Chyavanprash is a traditional Ayurvedic herbal jam made in a base of amalaki fruit. This balancing formula is highly rejuvenative, kindles agni without aggravating pitta, and actually helps to clear excess heat and intensity from the system. A daily dose of this nutritive jam can support deep nourishment of the tissues, alongside improved emotional stability, energy, vitality, and overall well-being. This formula contains ashwagandha. Take one to two teaspoons daily, or use as directed by your health practitioner.
You Know You Best
At the end of the day, reclaiming our health is a matter of taking a stand for ourselves and committing to the deep self-care required to return to balance. In cases of excess stress, adrenal fatigue, and hormone imbalance, this often means doing less, and creating firm boundaries—both by saying, “no” to those things that are too much, and by saying, “yes” to our own rejuvenation. If you’re hungry for more information and ideas, our Rejuvenation Department offers a deeper understanding of the Ayurvedic practice of rasayana. Ultimately, you know which aspects of your life are most taxing to you, and which areas could be expanded to nourish your body, mind, and spirit. But start small; taking on too much from the outset will be counter-productive. Develop some sense of routine. Take time for yourself every day. And consider implementing a daily practice of quieting the mind for at least fifteen minutes. From there, follow your heart’s impulses. Sometimes, a practice of deep listening is an important starting place as we learn to hear and honor our most authentic desires. But trust yourself; your truest inner voice will rarely lead you astray.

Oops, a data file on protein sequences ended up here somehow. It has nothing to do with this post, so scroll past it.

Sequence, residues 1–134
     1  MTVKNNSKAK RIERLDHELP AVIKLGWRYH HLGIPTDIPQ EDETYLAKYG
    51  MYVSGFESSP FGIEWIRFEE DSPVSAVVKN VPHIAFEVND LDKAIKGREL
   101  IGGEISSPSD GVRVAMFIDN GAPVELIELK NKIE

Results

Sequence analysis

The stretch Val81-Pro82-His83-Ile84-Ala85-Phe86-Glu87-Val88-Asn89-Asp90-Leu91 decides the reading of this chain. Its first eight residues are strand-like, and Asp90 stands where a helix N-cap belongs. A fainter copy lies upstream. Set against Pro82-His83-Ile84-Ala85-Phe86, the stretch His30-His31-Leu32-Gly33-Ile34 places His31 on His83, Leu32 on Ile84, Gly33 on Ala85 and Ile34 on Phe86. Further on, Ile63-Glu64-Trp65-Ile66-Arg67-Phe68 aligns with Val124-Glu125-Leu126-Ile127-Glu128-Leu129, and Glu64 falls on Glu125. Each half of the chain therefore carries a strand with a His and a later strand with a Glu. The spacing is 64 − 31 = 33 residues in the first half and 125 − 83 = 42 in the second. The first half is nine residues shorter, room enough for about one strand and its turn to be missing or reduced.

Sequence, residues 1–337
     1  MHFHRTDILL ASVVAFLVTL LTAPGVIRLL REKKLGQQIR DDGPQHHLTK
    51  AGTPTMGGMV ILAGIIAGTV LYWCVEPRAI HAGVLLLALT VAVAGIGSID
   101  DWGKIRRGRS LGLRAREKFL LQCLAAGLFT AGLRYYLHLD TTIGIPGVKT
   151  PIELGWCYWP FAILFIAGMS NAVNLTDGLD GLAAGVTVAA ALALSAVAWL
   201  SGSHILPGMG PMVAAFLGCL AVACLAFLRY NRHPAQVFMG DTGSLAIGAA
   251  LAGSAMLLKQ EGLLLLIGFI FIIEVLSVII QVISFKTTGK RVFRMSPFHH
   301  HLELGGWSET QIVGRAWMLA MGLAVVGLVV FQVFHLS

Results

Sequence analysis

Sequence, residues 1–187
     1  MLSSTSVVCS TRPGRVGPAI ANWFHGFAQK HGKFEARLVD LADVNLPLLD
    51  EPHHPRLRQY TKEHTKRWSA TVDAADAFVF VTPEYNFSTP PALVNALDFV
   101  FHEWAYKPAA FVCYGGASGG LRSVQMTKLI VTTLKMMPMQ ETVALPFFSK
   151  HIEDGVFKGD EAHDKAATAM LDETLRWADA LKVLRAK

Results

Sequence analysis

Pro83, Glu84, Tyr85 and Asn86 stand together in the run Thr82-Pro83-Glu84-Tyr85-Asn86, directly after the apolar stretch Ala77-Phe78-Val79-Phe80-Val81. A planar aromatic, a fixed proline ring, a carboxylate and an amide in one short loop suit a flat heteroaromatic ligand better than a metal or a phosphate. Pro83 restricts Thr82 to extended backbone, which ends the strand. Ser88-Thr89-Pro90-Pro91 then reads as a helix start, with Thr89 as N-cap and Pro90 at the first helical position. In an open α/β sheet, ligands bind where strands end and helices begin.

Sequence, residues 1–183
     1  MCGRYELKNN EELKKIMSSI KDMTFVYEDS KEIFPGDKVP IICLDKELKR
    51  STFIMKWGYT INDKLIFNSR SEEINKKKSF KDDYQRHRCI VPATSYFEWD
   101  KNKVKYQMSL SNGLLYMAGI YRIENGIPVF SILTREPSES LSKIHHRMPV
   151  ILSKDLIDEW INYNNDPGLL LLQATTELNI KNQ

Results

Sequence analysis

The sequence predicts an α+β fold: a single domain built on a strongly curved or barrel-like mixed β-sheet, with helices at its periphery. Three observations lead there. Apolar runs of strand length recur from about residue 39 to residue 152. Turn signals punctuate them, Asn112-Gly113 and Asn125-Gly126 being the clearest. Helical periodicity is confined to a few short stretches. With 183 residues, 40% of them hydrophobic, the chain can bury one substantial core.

4 Claudia Welch, Balance Your Hormones, Balance Your Life: Achieving Optimal Health and Wellness through Ayurveda, Chinese Medicine, and Western Science (Cambridge: Da Capo Press, 2011), 14.
6 Ibid., 31.
7 Marcelle Pick, “Symptoms of Adrenal Fatigue,” Women to Women, accessed August 8, 2016, https://www.womentowomen.com/adrenal-health-2/symptoms-adrenal-fatigue/.
8 Welch, Balance Your Hormones, 23–26.
9 Ibid., 25.
10 Ibid., 23.
11 Welch, Balance Your Hormones, 31.
12 Ibid., 22.
13 Vasant Lad, The Complete Book of Ayurvedic Home Remedies (New York: Three Rivers Press, 1998), 60; Claudia Welch, Dinacharya: Changing Lives Through Daily Living (Self-published, 2007), PDF e-book, “Exercise,” 11; online version of article: http://drclaudiawelch.com/resources/articles/dinacharya-changing-lives-through-daily-living/.